• 2.5 of a salt mixture prepared by mixing 1.5 g of sodium carbonate (Anhydrous) and 1.0g of sodium chloride.
  • One burette (50ml)
  • One 25cm3 pipette
  • Pipette filler
  • Complete stand
  • Filter funnel
  • White tile
  • 3 conical flasks
  • 250ml volumetric flask.
  • Labels (6)
  • 500ml distilled water in a wash bottle.
  • 200cm3 of solution S3 which is sodium thiosulphate of concentration 0.2 M
  • 80cm of 2m hydrochloric acid solution
  • 100ml empty glass beaker.
  • One stop watch/ clock.
  • white piece paper
  • One 50ml measuring cylinder
  • About 2g of solid D (A mixture of ammonium sulphate and zinc sulphate in the ratio 1:1).
  • About 5cm3 of liquid B which is absolute ethanol
  • Two red litmus paper.
  • One metallic spatula.
  • About 1g of solid sodium hydrogen carbonate
  • Test- tube holder.
  • One boiling tube
  • Seven clean dry test tubes.

Provide access to:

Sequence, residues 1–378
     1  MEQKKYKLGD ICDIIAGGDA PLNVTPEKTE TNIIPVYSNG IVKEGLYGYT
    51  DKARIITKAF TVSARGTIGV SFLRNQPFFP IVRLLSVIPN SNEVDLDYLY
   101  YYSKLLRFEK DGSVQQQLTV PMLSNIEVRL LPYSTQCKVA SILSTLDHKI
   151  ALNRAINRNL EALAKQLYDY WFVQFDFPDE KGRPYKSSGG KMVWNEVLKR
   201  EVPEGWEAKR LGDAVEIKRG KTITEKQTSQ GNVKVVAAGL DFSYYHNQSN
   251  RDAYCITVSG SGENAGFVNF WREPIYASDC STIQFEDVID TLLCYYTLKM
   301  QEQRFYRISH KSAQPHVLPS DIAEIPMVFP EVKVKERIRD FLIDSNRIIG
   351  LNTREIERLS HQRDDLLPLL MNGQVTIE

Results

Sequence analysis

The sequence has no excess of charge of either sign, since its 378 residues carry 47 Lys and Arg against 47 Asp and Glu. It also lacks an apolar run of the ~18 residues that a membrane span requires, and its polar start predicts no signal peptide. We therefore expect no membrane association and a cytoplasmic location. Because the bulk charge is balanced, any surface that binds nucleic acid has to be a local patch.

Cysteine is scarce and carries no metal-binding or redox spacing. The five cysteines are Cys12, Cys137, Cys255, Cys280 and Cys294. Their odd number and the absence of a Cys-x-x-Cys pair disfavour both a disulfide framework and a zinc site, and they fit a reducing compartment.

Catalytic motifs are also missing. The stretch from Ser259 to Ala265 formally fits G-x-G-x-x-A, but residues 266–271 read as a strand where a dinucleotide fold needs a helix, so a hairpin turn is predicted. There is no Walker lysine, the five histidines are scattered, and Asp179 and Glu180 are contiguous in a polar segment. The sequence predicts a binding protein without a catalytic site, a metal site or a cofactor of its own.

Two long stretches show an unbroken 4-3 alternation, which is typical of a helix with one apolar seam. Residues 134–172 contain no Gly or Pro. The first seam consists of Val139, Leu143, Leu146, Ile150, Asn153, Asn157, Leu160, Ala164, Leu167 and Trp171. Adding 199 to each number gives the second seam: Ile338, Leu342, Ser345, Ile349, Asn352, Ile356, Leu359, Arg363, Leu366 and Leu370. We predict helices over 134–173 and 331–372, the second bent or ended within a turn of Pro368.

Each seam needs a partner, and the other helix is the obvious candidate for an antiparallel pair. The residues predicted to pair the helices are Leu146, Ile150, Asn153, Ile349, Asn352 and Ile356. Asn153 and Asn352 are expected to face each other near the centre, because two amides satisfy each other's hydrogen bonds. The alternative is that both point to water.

• Means of heating
  • Phenolphthalein indicator
  • Methyl - indicator
  • Acidified potassium dichromate (vi) solution.
  • 2m nitric (V) acid solution
  • 2m Barium nitrate solution
  • 2m ammonia solution.
  • 2m sodium hydroxide solution.
  • 2m lead nitrate solution

Note: The solution should be supplied with droppers.



MARKING SCHEME

Table 1

Titration number 1 2 3
Final burette reading (cm3) 24.5 24.5 24.5
Initial burette reading(cm3) 0 0 0
Volume of acid used (cm3 24.5 24.5 24.5

Marking

  • Complete table award; 
  • Decimal consistency; 
  • Accuracy 0.1;
  • School value; 

Principles of averaging:
Average volume = 24.5 + 24.5 + 24.5 = 24.5;  (½ mark)
                                          3
= 24.5 cm3;(½ mark)

  1.      
    1. Moles of sodium hydroxide used
      Molarity of solution:
      Moles = Mass /litre
                       RMM
      = 4/40 = 0.1molar
      If 1000 cm3 → 0.1mole